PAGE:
Fifty-two years ago this week, Senator Edward Kennedy came to campus to campaign for the Democratic candidate for Governor, Lt. Gov. Patrick Lucey. Thanks to heckling by the Committee for the End of the War in Vietnam, it did not go well.
Madison, October 27, 1966
Six years to the week since Sen. John F. Kennedy electrified 12,000 in a powerful campaign appearance in the Field House, his youngest brother comes to campus to boost the gubernatorial campaign of Lt. Gov. Pat Lucey, a long-time family friend and supporter. But Sen. Edward Kennedy’s Stock Pavilion appearance isn’t as successful, because the Committee to End the War in Vietnam – CEWV – decided in September not to let any federal official speak on campus, in any capacity. The committee has managed to get members on stage behind Kennedy, their antiwar chants picked up by his microphone, their placards in his photographs. More members are out among the capacity crowd of about 4,000.
Given a standing ovation as he rises to speak, Kennedy is immediately interrupted with catcalls and shouts of “talk about the war.” Unable to continue, Kennedy finally invites CEWV chair Robin David up to the podium. David speaks for nearly ten minutes, reiterating the Socialist Workers Party slogan, “Bring the troops home now,” but he’s unprepared to debate a United States Senator and obviously outmatched by the charismatic Kennedy.
Aware that Kennedy is winning the room, CEWV leaders quickly decide to disrupt his speech with continued heckling, which spreads.[i] Down front, Lea Zeldin starts in with some of the loudest and most urgent shouts of the afternoon. “I have four sons,” she cries out, “and I don’t want them to die in Asia.” A student tries to silence her with a coat over her head, but she throws it off and keeps it up for nearly thirty minutes, until Kennedy gives up, unable to finish his remarks on behalf of the liberal, pro-student Lucey. “Certainly a spirited occasion,” Kennedy said later as he flies to La Crosse for a more orderly appearance.
Reaction is swift and unanimous in condemning the action, which UW President Fred Harvey Harrington and the Daily Cardinal both call “disgraceful.” Over 8000 students sign an apology. The very evening of the incident, the city council unanimously passed a resolution, sponsored by all 22 alders, apologizing to Kennedy and inviting him to come back and speak on city-owned property. State Senator Fred Risser warns – correctly – that conservatives controlling state government will cite this incident in pushing to cut the university’s budget.
Although CEWV does not direct the widespread heckling after Kennedy dismissed David, the group initiated the overall action, and so gets the blame. The Wisconsin Student Association puts the CEWV on probation its role in the protest; many regents wish the discipline had been more serious. WSA Senator Paul Soglin thinks there shouldn’t have been any discipline at all.
The faculty’s Student Conduct and Appeals Committee holds a special Saturday session and declares that deliberately interfering with a university-sanctioned speech “may constitute grounds for university disciplinary action, not excluding the possibility, in flagrant or repeated cases, of suspension or expulsion.” The next day, the University Committee holds a special session and votes to create new policies and procedures to protect the rights to speak and hear.[ii]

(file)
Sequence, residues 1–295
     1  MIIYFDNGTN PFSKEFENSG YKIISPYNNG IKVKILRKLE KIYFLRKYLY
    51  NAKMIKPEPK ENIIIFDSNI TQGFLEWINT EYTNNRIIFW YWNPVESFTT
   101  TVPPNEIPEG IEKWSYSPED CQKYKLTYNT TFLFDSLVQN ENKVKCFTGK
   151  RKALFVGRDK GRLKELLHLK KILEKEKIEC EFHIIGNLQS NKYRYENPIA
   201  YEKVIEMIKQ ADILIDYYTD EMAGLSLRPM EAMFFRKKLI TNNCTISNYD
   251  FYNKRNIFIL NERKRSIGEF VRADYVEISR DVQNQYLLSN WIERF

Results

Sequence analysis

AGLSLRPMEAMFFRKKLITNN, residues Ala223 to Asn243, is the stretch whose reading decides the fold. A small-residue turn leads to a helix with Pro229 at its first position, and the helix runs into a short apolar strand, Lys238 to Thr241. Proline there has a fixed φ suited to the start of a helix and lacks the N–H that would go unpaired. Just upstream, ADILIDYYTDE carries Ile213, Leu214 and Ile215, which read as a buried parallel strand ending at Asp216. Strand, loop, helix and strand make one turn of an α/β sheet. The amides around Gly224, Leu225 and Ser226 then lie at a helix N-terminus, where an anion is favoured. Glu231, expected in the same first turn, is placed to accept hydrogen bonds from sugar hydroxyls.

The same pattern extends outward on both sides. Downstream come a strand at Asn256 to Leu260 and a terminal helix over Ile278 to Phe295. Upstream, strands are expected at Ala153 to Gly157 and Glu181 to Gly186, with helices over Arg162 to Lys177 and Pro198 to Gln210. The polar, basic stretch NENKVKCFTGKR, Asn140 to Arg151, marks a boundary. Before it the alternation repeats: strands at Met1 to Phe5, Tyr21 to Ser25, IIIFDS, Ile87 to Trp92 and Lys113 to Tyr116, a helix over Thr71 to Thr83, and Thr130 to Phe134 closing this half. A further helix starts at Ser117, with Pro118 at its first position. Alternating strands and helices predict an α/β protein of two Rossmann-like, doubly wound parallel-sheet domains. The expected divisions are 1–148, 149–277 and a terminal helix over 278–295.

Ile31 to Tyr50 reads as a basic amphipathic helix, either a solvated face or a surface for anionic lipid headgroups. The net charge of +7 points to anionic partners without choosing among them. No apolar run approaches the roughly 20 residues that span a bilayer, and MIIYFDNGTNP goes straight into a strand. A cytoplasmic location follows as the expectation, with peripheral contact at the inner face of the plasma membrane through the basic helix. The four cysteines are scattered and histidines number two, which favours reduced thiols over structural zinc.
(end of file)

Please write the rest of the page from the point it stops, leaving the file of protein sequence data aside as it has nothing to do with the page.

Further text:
In December, the faculty overwhelmingly adopts a new rule forbidding obstruction, section 11.02 of the University Rules and Regulations, with no ambiguity about its cause. “This may be called the Ted Kennedy section,” says its chief drafter, political science Professor David Fellman.[iii]
The resolution adopting the rule, immediately binding on the Madison campus, states that those attending a program sponsored by a campus group “have the duty not to obstruct it, and the university has the obligation to protect the right to listen and participate.” Exactly what those terms mean, Fellman says, will be up to the dean of students and the Student Life and Interests Committee.
Almost exactly a year later, it is to enforce this rule, section 11.02, that Chancellor William Sewell will call on the Madison Police Department to clear the Commerce Building, opening the Battle of Dow on October 18, 1967.
[i] Stark interview, War at Home papers, Box 4, Folder 27; Stark email, July 14, 2017.[to author? Date of email?[.
[ii] Faculty Document 96, 4; “Future UW Hecklers May Face Discipline,” WSJ, October 29, 1966; Faculty Document 96, 5, October 30, 1966; “Heckling Spurs Request by UW Group for Rules,” WSJ,October 30, 1966; William Mullen, “UW Hecklers Isolated Selves, Professor Says,” WSJ, October 31, 1966; Pommer, “Faculty Maps ‘Right to Listen’ Policy,” CT, October 31, 1966.
[iii] Gribble, “New Policy Will Protect Speaker from Hecklers at UW Facilities,” WSJ, November 17, 1966; Sinks, “Speaker, Listener Rights Reaffirmed by ‘U’ Faculty,” DC, December 13, 1966; Behnke, “UW Faculty Approves Anti-Heckling Rules,” WSJ, December 13, 1966; “Faculty Adopts New Speaker Policy Rules,” Wisconsin Alumnus 68, no. 4 (January 1967): 22–23.